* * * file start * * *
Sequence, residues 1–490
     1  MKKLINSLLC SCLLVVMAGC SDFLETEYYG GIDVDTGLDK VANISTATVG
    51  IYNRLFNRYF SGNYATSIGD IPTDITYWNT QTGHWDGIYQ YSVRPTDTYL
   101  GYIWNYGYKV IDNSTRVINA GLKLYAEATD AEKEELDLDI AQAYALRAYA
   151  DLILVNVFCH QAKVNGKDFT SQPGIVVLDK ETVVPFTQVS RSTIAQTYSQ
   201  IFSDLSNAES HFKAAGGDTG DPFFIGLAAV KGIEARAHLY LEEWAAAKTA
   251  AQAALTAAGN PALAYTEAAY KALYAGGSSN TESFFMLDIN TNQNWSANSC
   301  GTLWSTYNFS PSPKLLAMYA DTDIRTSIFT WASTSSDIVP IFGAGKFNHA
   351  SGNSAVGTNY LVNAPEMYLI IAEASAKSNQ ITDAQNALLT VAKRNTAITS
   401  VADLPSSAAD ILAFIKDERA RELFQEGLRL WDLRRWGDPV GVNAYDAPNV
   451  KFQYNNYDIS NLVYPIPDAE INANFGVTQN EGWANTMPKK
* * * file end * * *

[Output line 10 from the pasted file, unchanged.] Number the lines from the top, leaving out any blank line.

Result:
   401  VADLPSSAAD ILAFIKDERA RELFQEGLRL WDLRRWGDPV GVNAYDAPNV